The next time you’re in Manhattan, take a stroll up Fifth Avenue and note the change. Walk past the windows of Fossil, Build-A-Bear Workshop, Guess—humdrum chains you can find in any mall in America. Cross north at 49th Street, though, and suddenly it happens: you’ve passed over into retail wonderland. On one side is the legendary Saks Fifth Avenue, St. John, Fendi; on the other, Botticelli, Prada, Bergdorf Goodman—temples of high fashion, lined up one after the other.
New Yorkers know the distinction well: they call these two retail strips “Lower Fifth” and “Upper Fifth”—two zones, divided by 49th Street, sharing one avenue but existing worlds apart. The corner of Fifth and 49th is the precise intersection where high fashion meets fast fashion, where quality meets quantity, where shopping worlds collide. So it’s no coincidence that this is the corner where Aritzia LP, the Vancouver-based women’s clothing retailer, recently opened the doors of its biggest store yet.
The two-storey, 13,000-square-foot flagship inside the famed Rockefeller Center showcases a mix of street- and officewear aimed at stylish women aged 15 to 34. The meticulously stocked boutique is an attempt to mesmerize even the most jaded New York shopper: verdant murals of fruits and nymph-like creatures and rich wood panelling provides an organic backdrop for the clothing while halogen lights beaming from every direction, even the floor, reflect off a central glass staircase. And all of it dwarfed under the canopy of a fantastical 30-foot-tall mushroom forest carved from cherrywood. The decor, according to the retailer, “revolves around a metaphysical theme inspired by natural phenomena.”
But don’t let the groovy psychedelia fool you. This Fifth Avenue boutique is Aritzia’s stake in the ground marking its ambition to become a world-class retailer. “We like to think we always target the best of the best locations,” Aritzia founder and CEO Brian Hill says. By opening at the corner of upper and lower Fifth, Aritzia has literally and figuratively positioned itself as a destination for a growing segment of the U.S. buying public: aspirational shoppers. They are the style-savvy set who can’t quite afford a closet full of luxury garments but aren’t satisfied with the disposable fare available at the global mega-chains like H&M or Zara.
But the U.S. expansion also puts the Vancouver retailer up against some stiff competition. Other bridge labels, including Theory, Sandro and the Kooples, are also aggressively expanding across the U.S., seeking to grab a share of the same market.
Aritzia, financially backed by Boston-based investment house Berkshire Partners LLC, is trying to keep up. Its Fifth Avenue store is the chain’s 12th U.S. location, following openings in Seattle, Chicago, Dallas and San Francisco.
“The U.S. business has been healthy, so we’re planning on continuing opening stores,” says Hill. “But we’re selective in our real estate.” The plan is to “fill in” the northern half of the country with more stores, adding three to four locations a year. Aritzia’s current American locations operate mostly in isolation, notes Gray, so upping saturation is key: “The more they can start to fill in a regional geography, so as to start and gain some critical mass, the better.”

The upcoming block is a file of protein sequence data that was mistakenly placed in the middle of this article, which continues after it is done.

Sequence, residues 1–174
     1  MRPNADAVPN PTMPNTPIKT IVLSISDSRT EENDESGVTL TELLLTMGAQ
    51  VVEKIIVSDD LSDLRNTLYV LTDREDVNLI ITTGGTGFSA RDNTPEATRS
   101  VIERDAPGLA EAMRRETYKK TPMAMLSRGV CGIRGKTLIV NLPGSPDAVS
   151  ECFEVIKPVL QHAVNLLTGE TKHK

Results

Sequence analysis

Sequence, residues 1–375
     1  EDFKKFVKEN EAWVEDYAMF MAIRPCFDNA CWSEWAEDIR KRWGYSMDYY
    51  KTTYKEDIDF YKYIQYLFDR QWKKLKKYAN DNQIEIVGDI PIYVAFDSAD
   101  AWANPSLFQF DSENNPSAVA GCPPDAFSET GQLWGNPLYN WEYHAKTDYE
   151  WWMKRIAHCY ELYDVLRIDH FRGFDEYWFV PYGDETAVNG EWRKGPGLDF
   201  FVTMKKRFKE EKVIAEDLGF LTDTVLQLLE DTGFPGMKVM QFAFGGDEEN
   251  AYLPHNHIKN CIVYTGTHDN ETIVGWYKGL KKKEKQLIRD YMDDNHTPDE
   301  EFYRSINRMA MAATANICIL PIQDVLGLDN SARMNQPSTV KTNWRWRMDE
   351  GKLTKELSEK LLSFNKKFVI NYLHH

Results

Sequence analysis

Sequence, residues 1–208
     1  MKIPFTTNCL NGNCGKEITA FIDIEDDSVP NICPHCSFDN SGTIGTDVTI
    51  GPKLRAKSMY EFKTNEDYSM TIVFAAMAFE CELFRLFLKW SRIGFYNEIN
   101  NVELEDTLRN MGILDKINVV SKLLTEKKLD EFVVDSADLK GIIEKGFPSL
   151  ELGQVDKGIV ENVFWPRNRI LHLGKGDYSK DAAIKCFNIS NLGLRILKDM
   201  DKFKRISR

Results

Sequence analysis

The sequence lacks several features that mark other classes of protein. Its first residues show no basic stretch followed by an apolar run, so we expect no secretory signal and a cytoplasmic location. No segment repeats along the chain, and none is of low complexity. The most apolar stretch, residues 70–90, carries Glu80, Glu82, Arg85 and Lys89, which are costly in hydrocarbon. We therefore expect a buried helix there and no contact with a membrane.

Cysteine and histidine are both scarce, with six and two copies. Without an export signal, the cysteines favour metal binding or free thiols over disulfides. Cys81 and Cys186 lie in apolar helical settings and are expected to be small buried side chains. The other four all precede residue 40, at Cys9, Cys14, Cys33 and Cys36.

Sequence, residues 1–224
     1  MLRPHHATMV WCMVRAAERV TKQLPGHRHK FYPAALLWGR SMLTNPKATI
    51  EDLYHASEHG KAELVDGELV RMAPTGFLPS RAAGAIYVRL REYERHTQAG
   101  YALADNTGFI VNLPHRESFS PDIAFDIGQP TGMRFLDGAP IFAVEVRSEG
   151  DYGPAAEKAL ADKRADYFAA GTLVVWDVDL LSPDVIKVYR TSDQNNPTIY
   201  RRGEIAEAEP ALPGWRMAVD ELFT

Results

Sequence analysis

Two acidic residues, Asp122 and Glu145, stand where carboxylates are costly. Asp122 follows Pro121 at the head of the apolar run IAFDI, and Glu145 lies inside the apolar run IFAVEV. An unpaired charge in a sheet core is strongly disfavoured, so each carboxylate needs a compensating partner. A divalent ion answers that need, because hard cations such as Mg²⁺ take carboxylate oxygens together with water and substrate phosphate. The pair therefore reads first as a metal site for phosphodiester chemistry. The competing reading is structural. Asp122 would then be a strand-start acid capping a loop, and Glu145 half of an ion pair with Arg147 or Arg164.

This Fifth Avenue outpost is the most important signal yet of Aritzia’s American intentions: to be a key way station for women on their sartorial journey from H&M to Hermes. The enchanted mushroom forest might mark the way to wonderland. Or it might just be a bad trip.
From the beginning, Aritzia has pitched its customers on quality. Its tunics, for instance, are almost always silk—not polyester—and pea coats are made with thick wool-and-cashmere blends. That’s intentional, according to Gray, who describes a shifting ethos among North American consumers. “The idea of value is now being linked to more durable pieces,” he says.
Since opening its first boutique in Vancouver in 1984, Aritzia has grown to 54 stores across North America with more than 2,000 employees. The company has a team of about 30 designers who work on 10 in-house labels, including Wilfred, geared more toward professionals, and TNA, aimed at a sportier teenage market. About 80% of Aritzia’s merchandise is made up of these in-house labels; the 20% the company doesn’t make are mostly popular denim brands like J Brand, Citizens of Humanity and 7 For All Mankind.
“When we first opened 28 years ago, the majority of the business was done carrying other people’s brands,” says Hill. But featuring mostly in-house brands allowed Aritzia to respond to trends faster, and also provides greater margins. So far, this hybrid strategy has paid off for Hill, a third-generation retailer. His grandfather, John Hill, opened the Hill’s of Kerrisdale department store in Vancouver in 1914, which is still in business today. The idea for Aritzia was born when Hill noticed the contemporary women’s apparel was doing above-average sales at Kerrisdale. After graduating with an economics degree from Queen’s University in 1982, Hill opened the first Aritzia store to target that market more specifically.
“I’ve been in business a long time. I certainly think you have to go with your gut. That said, your gut has formed its opinion based on more tangible facts and figures,” he says.
The facts and figures look good. The most recent batch of data from the American Apparel & Footwear Association suggests a large swath of U.S. consumers is opting for quality over quantity: in 2011, Americans spent 4.9% more on apparel, while the number of items purchased dropped 5.3%.
Megan Evans, a New York–based image consultant, shops at Aritzia for some of her clients and would recommend the store partly because of its value proposition. “It’s a nice middle-of-the-road store,” she says. “It’s not J. Crew or Banana Republic—it’s a step up from that—but it’s not high-end like Barneys. It’s that in-between store that can work for a lot of people.”